With New Technique, Biologists Capture Molecules in Motion
Today’s images of biological molecules, including the COVID-19 virus, are so sharp that individual atoms are just about visible. To construct these kinds of three-dimensional images, snapshots of tens and often hundreds of thousands of molecules trapped in a thin layer of ice are collected with an electron microscope and then combined into a single, sharper, three-dimensional image by a computer.
The technique is called single-particle cryo-electron microscopy, and in 2017, Joachim Frank, PhD, professor of biochemistry & molecular biophysics at Columbia University Vagelos College of Physicians and Surgeons, shared the Nobel Prize in Chemistry for developing the technique.
But biologists are also intensely interested in movies of molecules, because they provide clues about the way molecules carry out their functions—and how those functions could be altered with drugs. Cryo-EM is powerful, but it can only capture molecules in a single, static conformation.
A group of collaborators from Columbia, Wisconsin-Milwaukee, CUNY, and Arizona State University is now creating videos of molecules in motion with a new technique that extracts even more information hidden in the flood of data from the electron microscope.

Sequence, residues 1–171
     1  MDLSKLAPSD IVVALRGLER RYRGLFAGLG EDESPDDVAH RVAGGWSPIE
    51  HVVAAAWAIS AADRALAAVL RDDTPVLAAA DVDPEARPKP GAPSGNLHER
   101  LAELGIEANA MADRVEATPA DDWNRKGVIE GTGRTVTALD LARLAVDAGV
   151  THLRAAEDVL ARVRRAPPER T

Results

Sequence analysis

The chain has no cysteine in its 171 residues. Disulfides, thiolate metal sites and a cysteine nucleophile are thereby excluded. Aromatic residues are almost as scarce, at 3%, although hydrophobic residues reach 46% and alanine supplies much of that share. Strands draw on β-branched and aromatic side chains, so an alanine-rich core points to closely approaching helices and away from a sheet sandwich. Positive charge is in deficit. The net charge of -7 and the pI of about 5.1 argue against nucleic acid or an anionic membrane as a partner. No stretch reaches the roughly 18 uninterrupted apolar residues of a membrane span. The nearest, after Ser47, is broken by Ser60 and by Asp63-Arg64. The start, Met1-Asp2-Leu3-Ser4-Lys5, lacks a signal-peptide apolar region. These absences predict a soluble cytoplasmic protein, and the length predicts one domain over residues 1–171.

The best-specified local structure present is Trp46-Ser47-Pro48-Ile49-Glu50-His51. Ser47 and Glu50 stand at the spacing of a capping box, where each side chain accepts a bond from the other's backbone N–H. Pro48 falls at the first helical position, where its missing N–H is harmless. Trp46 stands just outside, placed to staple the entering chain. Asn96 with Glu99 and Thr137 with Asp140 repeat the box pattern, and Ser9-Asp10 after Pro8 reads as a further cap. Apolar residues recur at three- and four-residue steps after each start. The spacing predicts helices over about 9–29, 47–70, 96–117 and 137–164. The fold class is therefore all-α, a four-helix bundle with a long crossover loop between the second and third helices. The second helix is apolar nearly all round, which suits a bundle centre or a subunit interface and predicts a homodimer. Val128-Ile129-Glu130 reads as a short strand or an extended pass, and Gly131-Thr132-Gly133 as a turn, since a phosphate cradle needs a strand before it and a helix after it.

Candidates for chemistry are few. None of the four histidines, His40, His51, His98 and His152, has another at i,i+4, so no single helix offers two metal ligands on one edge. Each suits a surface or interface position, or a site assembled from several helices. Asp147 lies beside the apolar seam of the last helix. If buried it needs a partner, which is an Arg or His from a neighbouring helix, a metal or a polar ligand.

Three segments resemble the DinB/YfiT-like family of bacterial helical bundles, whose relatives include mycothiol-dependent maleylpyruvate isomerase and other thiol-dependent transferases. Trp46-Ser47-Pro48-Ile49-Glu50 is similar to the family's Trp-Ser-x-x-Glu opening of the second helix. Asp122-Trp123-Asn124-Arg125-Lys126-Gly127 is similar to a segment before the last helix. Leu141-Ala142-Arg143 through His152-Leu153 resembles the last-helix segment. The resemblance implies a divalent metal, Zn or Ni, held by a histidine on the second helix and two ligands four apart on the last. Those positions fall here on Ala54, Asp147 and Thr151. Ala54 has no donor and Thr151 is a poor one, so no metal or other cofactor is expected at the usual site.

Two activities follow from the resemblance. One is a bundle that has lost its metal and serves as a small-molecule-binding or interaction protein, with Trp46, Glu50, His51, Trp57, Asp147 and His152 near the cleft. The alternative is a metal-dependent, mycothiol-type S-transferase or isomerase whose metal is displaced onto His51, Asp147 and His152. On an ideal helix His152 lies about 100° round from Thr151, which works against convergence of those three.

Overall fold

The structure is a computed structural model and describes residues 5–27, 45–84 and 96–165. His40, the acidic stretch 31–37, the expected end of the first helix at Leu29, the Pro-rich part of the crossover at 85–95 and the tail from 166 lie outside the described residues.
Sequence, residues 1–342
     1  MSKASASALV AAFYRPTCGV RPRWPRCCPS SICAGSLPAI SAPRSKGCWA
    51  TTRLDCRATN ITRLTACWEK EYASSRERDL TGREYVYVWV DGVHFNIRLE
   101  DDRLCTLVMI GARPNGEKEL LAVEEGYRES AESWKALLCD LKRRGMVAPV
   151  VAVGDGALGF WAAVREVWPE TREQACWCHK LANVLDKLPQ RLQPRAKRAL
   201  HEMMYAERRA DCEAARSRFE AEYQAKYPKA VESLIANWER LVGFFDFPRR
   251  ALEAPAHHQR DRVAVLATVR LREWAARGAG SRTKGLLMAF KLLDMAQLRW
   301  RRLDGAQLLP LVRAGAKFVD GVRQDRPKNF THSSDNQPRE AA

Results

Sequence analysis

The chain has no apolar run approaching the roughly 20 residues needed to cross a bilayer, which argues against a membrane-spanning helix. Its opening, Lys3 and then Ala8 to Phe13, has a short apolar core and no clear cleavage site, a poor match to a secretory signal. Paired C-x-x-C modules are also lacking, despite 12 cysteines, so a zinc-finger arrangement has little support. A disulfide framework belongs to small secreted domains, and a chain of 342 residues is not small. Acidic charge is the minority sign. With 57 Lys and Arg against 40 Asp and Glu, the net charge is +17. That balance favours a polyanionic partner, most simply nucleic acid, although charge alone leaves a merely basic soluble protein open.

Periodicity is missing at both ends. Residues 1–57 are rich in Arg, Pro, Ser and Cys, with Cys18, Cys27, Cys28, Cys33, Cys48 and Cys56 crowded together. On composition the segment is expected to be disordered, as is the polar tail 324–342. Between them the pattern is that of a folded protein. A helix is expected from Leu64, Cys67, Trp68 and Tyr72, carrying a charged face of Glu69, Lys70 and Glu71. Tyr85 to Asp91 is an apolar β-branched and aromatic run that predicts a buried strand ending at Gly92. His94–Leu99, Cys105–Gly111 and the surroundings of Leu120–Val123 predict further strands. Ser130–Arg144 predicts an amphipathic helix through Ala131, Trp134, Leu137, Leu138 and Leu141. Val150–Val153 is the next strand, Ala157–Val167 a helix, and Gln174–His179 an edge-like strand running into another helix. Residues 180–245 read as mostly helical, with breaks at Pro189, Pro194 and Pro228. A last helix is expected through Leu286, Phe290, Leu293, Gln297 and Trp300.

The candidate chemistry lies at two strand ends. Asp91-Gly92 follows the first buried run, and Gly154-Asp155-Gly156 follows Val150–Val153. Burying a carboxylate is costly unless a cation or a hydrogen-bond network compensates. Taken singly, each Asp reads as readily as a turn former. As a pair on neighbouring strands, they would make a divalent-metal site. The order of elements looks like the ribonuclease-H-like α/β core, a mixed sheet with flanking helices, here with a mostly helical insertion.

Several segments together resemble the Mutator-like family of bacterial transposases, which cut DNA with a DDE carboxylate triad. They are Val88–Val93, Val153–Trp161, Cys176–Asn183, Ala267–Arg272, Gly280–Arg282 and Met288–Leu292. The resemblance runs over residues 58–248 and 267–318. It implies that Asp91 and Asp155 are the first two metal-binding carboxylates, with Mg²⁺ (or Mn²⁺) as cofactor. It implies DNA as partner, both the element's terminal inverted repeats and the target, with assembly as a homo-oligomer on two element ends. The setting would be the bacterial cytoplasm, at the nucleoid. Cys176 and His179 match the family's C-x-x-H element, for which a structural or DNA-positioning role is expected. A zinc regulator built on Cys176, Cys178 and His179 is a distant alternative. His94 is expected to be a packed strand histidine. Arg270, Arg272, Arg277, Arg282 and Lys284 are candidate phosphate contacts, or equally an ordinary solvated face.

The technique exploits the way molecules wiggle randomly in solution before they are flash-frozen. Data analysis using machine learning can uncover the important molecular motions from random snapshots captured by the electron microscope. This analysis, employing the mathematical technique of geometric machine learning, and refined using molecular dynamics simulations, uncovers the way molecules perform their biological function.
Nature Communications with joint first authors Ali Dashti and Ghoncheh Mashayekhi.Developed through a collaboration among the laboratories of Joachim Frank at Vagelos College of Physicians and Surgeons, Abbas Ourmazd, and Peter Schwander at the University of Wisconsin in Milwaukee, Amedee des Georges at CUNY, and Abhishek Singharoy at Arizona State University, the results were published this month in
The molecule that served to demonstrate this novel technique of data analysis is the ryanodine receptor, which was previously solved at 3.4 Angstrom resolution by cryo-EM through the combined efforts of Frank, Andrew Marks, and Wayne Hendrickson at Columbia University Vagelos College of Physicians and Surgeons. When activated, this molecule releases calcium and triggers muscle contraction in skeletal muscle and in the muscles of the heart.
By combining information from 800,000 images of the receptor with and without activating molecules present, the functional pathway between closed and open receptors was revealed for the first time, which may help in the development of new drugs for heart failure and other diseases.
The paper, titled “Retrieving functional pathways of biomolecules from single-particle snapshots,” was published Sept. 18 in Nature Communications.
The research was supported by the U.S. Department of Energy (DE-SC0002164), National Science Foundation (STC 1231306, STC 1551489, and NSF-MCB 1942763), and National Institutes of Health (GM55440, GM29169, R35GM133598, and R01GM095583); UWM Research Growth Initiative; Howard Hughes Medical Institute; CUNY; and Oak Ridge Leadership Computing Facility.
The authors declare no competing interests.